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Healthcare companies should expect increased fraud enforcement in 2021

Press releases may be edited for formatting or style | February 09, 2021 Business Affairs
Examining issues surrounding the receipt of COVID-19 relief funds will be a significant area of focus for the government as it ratchets up scrutiny of healthcare companies in 2021, according to Bass, Berry & Sims’ ninth annual Healthcare Fraud & Abuse Review 2020.

The federal government’s financial response to the pandemic through the CARES Act and other COVID-19 relief programs has allocated billions of dollars to the healthcare industry. The Review details how such a scenario presents an enforcement perfect storm for the healthcare industry as a result of the distribution of large amounts of fast cash within a highly regulated industry, along with poor and evolving government guidance, and assured retrospective scrutiny by the regulators.

Download the Healthcare Fraud & Abuse Review 2020.

“The federal government has already moved to shut down blatantly fraudulent schemes related to the CARES Act and COVID-19 relief. We expect the government to shift its attention to the billions of dollars earmarked for hospitals and other healthcare providers, scrutinizing eligibility, use and documented support for COVID-19 funds,” said Brian D. Roark, head of the Bass, Berry & Sims Healthcare Fraud Task Force. “We expect these investigations will be much more wide-ranging than more typical fraud investigations in healthcare. Regulators examining the need and use of COVID-19 relief funding are likely to scrutinize the whole enterprise.”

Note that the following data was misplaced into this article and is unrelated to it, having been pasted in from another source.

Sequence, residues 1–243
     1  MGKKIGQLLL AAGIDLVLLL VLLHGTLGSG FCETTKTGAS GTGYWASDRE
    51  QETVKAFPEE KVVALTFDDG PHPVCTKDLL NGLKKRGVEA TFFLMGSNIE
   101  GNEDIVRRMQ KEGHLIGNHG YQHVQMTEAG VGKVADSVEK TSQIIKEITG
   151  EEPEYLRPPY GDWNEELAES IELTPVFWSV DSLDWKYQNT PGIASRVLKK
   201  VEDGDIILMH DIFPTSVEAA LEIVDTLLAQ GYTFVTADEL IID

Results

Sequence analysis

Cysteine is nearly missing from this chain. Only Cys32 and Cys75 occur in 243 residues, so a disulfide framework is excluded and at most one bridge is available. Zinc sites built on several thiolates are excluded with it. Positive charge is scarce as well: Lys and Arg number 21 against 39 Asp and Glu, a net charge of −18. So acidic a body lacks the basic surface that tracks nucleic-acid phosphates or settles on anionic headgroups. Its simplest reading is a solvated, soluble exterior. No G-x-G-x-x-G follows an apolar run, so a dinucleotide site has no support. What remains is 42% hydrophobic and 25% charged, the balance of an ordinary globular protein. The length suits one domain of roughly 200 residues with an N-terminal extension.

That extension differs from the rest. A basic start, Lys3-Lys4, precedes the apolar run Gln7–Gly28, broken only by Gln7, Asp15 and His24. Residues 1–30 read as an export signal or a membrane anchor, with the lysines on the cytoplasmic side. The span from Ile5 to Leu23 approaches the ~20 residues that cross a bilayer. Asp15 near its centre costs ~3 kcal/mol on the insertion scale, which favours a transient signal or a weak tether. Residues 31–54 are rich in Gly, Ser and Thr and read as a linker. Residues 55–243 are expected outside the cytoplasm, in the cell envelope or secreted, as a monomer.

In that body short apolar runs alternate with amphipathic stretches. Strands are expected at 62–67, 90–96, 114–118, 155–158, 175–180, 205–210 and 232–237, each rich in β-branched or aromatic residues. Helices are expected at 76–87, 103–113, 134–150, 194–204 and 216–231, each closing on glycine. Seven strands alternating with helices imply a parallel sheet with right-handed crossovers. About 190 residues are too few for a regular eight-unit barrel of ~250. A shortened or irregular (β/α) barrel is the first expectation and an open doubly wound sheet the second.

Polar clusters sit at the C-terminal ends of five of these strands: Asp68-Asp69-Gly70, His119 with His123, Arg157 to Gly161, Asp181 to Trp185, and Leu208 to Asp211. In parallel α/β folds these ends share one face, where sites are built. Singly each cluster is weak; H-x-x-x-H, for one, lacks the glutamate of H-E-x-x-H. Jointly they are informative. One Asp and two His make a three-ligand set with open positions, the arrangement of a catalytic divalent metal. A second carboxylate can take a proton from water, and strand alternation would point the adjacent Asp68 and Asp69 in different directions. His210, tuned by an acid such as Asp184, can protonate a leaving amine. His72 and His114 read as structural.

Recoveries down, new cases up

The raw numbers suggest that the pandemic impacted investigations, litigation and civil fraud recoveries during federal fiscal year 2020, which ended Sept. 30, 2020. Recoveries by the U.S. Department of Justice (DOJ) in FY20 declined nearly 30 percent compared with the prior fiscal year, dropping to $2.2 billion from the $3.1 billion collected in FY19. Notably, the $2.2 billion in civil fraud recoveries is the lowest amount recovered in more than 10 years. One thing that has not changed, however, is the fact that recoveries from healthcare-related cases continued to comprise the overwhelming percentage of total recoveries, amounting to more than $1.8 billion of the total.

Announced recoveries in FY21 already have eclipsed the 2020 total and are nearing $4 billion, fueled by a number of high-profile opioid-related settlements. New qui tam lawsuits filed under the False Claims Act in FY20 increased to 672 new cases and another 250 non-qui tam civil fraud suits were filed, representing an increase of more than 100 compared with FY19, according to DOJ figures. The significant number of new cases will continue to fuel enforcement efforts for years to come.

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